InCell dazzles with visual brilliance but falls short in finding an identity

by Will Mason • September 3rd, 2015

Nival VR’s is no stranger to ‘serious games’ in VR. Their first game, InMind, drew some very positive reviews as it took you on a journey inside of the human brain. Their latest title – InCell, available today on Steam, follows a fairly similar premise.

You are a scientist in the future tasked with piloting a ship that has the ability to shrink itself down to a scale small enough to enter the body at the cell level. Your mission is to eliminate the viruses attacking various parts of the cell by racing them to the center of the nucleus.

The gameplay is very simple, you pilot your ship along the cell junctions using your head to turn as you race to beat the virus to the different parts of the cell, rolling around a cylindrical track with rotating barriers and speed boosts. Sound familiar?


InCell’s somewhat unoriginal gameplay is nothing new in the world of serious games, but usually it is paired with more educational value. Playing through the experience I didn’t leave feeling much more knowledgeable about cells than I did going in. The experience gives some background on the various parts of the cell as you play through, but these facts are sparse and aren’t clearly connected to the gameplay in a way that is readily apparent.

What InCell is really missing at this point are longer periods of education on the different parts of the cell, followed by mini games that reinforce the main points learned. An approach like that would have been far more effective in achieving the goals the team set to achieve. Right now, however, InCell is a relatively fun racing game with great visuals and some facts thrown in.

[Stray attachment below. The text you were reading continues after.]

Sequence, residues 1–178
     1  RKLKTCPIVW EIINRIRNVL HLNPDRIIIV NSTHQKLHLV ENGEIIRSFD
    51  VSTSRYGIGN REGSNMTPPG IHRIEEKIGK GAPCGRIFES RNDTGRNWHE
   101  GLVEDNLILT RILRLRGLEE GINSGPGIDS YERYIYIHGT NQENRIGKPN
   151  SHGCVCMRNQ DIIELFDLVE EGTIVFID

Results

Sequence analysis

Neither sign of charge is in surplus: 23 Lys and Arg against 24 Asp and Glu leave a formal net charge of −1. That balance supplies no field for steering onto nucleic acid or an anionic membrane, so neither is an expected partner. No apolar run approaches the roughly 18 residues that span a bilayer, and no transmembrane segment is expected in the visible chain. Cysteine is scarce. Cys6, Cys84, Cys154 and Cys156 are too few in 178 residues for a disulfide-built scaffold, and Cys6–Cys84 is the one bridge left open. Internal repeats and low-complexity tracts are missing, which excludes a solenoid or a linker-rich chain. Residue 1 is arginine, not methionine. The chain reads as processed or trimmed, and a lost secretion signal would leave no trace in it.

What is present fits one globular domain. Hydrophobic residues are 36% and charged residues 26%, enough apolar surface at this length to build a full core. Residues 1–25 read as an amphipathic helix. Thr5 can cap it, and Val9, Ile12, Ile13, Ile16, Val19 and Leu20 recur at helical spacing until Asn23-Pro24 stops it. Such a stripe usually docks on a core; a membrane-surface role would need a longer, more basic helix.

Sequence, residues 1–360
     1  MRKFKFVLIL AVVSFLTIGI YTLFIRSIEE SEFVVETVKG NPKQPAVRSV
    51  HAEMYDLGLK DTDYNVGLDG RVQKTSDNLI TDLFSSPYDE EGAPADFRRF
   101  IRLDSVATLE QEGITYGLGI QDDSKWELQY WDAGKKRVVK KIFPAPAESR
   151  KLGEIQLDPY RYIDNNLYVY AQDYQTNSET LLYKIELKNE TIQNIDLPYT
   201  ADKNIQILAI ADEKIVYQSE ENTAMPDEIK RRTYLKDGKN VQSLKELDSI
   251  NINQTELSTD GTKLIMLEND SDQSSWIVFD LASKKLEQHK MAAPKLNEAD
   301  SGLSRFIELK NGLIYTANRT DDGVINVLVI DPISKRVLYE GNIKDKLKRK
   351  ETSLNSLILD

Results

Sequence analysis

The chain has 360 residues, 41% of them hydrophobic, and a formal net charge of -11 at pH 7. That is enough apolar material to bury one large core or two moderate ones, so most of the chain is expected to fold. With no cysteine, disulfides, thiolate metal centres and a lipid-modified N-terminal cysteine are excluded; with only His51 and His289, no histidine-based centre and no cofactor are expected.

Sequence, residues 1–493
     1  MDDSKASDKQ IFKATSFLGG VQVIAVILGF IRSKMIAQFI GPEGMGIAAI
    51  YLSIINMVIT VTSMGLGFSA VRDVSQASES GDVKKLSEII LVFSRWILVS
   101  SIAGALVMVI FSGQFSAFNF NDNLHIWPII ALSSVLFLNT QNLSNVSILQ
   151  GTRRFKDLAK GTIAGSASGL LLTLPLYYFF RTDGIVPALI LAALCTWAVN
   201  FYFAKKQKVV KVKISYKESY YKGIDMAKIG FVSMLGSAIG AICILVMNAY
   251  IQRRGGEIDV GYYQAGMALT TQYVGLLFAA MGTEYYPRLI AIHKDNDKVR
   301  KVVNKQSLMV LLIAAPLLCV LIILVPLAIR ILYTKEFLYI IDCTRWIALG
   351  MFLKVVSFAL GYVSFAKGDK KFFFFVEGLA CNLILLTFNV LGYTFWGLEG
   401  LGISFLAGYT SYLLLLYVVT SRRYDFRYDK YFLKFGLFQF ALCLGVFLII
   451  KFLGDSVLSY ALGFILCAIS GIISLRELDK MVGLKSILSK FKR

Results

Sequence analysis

It is also worth noting the game right now feels fairly early as there were still a number of kinks that needed to be worked out.

In our hands on experience we were first greeted with a notice apologizing for “known problems with the positional tracking camera” and advising us to unplug it. Playing through with it on there was significant drift in perspective, but we found that even when off it had some difficulty This was one of a few bugs we had playing through, so hopefully it is something

Overall InCell is not a bad experience, far from it. While the gameplay doesn’t feel fresh it still is fun and the visuals definitely save it a bit as the inside of the cell environments are really impressive to see in VR. We would have definitely loved to have seen a bit more polish for the release, however, as well as a stronger emphasis on the educational aspects of the game.

InCell is currently available in the Steam Store for $4.99.

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